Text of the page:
Property buyers in Manhattan, New York has always discussed the issue of buying in a new building which usually comes with a 421A tax abatement. The tax abatement basically means for the first 10 years, the new property owner will pay a discounted tax amount. The tax amount usually increases over 10 years to the full tax amount.
For example, if the full tax amount is $1000 per month, the owner of a new building may pay $100 per month the first two years, $200 per month the next two years etc.
The argument against buying in a new building is that the tax discount is just temporary and the owner will have a tax shock over the years as taxes increase. This while paying a premium for the new building. Today's New York Times article 421a Tax Exemption talks about this. The article cites monthly taxes increasing by 100% to 200% and owners trying to sell before the tax exemption expires.
As a property broker in New York and investor in numerous cities, my take is that it makes sense to buy in new buildings, pay the 10-15% premium for the new building and benefit from the tax advantage.
1. The tax discount in the initial years can go towards growing equity. The alternative is to buy in an old building where there is no discount at all. With the lower monthly taxes in a new building, the owner, assuming the same cash outflow, would be able to buy a more expensive property because with a more expensive property, the owner's equity would increase faster as well.
For example, assume taxes are $1000 in an old building and $200 in a new building. With the new building, the owner saves $800 in taxes and this is enough to support an extra (approx) $150,000 in mortgage. With a 10% appreciation per year in Manhattan property, the owner's equity would be an extra $15,000 the first year alone. Why not put the $800 into growing net worth instead of paying the government?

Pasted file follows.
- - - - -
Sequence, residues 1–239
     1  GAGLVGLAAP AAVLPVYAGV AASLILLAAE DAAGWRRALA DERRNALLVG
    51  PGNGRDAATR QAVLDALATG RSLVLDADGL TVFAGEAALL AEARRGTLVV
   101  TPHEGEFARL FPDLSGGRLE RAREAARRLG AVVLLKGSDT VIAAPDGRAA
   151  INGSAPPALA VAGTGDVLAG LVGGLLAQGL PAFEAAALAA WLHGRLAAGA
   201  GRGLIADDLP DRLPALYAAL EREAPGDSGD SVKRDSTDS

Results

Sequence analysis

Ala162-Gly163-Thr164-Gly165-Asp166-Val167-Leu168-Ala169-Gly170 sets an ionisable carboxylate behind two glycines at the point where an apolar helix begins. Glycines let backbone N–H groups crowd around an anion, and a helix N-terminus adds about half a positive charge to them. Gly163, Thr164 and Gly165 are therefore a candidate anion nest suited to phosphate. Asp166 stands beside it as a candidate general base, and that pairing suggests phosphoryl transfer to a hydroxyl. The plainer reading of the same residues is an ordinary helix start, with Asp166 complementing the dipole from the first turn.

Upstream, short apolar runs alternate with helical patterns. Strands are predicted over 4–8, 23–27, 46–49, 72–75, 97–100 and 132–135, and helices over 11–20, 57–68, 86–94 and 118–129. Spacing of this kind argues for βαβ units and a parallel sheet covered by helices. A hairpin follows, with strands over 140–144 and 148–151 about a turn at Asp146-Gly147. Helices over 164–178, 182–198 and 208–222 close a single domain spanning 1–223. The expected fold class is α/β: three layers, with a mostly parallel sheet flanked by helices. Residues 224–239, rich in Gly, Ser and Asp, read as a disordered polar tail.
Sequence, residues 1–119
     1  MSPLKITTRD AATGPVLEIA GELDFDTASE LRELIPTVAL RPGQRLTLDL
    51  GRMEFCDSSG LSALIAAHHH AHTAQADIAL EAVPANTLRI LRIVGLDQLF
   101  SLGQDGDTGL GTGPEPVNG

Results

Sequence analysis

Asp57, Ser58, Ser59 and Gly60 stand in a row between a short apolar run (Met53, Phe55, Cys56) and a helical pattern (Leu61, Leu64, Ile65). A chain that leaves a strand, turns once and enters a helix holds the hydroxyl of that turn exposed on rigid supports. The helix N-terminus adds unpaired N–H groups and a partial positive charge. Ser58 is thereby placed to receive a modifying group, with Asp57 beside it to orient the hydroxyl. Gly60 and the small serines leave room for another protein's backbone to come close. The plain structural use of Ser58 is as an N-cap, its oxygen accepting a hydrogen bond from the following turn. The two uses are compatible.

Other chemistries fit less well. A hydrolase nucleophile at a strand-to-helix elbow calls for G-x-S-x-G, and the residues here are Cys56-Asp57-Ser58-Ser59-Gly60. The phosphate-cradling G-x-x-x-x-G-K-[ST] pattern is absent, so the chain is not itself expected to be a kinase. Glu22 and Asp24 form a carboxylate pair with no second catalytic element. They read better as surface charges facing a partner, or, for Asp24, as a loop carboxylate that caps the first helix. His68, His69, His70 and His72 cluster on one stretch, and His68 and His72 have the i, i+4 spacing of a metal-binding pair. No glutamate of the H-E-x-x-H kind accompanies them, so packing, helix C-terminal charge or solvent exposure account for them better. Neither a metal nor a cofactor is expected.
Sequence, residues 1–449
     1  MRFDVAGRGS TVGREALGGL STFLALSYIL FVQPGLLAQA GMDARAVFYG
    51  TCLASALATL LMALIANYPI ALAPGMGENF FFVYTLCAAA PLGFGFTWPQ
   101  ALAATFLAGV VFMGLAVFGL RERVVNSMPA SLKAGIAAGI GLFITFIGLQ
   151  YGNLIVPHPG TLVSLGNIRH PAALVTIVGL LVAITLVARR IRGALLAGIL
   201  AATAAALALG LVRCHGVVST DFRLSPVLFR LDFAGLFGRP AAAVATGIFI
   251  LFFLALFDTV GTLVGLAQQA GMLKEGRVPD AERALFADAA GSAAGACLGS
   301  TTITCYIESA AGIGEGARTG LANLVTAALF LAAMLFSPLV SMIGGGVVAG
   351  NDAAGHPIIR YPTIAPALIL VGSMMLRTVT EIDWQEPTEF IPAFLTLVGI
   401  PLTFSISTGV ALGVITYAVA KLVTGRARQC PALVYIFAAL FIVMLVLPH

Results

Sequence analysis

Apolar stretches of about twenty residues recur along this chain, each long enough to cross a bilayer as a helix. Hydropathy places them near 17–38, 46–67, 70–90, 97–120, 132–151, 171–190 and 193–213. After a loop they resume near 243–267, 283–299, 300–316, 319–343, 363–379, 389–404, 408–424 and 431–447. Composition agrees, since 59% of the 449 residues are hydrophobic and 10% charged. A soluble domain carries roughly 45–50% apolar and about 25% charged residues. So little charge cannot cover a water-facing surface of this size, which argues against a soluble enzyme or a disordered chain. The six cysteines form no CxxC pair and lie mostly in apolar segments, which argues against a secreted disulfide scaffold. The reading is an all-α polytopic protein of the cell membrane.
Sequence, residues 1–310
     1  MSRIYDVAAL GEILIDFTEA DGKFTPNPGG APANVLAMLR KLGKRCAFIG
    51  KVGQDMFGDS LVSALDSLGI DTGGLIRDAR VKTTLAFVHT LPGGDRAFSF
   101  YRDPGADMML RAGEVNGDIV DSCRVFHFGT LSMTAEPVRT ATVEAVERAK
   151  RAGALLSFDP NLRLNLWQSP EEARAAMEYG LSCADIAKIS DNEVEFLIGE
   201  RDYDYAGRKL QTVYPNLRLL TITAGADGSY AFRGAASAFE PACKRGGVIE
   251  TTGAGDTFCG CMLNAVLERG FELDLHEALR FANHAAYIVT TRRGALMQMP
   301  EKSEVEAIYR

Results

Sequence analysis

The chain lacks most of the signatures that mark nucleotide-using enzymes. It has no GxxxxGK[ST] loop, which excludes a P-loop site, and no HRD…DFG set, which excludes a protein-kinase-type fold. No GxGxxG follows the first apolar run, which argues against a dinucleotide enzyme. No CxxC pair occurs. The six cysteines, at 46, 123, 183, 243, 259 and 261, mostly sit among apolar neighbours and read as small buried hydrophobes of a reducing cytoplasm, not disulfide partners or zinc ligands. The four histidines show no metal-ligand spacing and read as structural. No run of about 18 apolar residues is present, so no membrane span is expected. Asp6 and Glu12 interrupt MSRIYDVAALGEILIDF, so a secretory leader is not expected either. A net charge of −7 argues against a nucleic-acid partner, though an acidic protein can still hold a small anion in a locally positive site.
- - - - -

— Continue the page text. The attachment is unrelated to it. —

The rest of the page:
2. To the argument of taxes increasing 100% or 200%, I don't see the point to this argument. The alternative is to buy in an old building without a tax discount (abatement) and pay 10X or 20X the taxes from the beginning.
3. For investors, rental income will increase over the years, 5%-10% per year. Rental yields are much better in new buildings because in the first 10 years, taxes are lower. Hence over the life of the property ownership, rental yields will be better in a new building vs old because of the initial tax break in a new building.
Should an investor always buy in a new building? Answer is no. An investor should buy in a new building in a good location with strong rental demand. We need to compare apples-to-apples when comparing an old vs new building. Assuming an old building and a new building are next to each other, the rental yield and appreciation of the new building will be better than the old building.
Wei Min Tan in Managing Director of Castle Avenue Partners, focusing on foreign buyers interested in buying Manhattan, New York property. He has appeared on CNN, New York Times and the Wall Street Journal on the topic of foreign buyers of Manhattan property. Wei Min speaks Cantonese Chinese, Malaysian and conversational Mandarin. He can be reached at firstname.lastname@example.org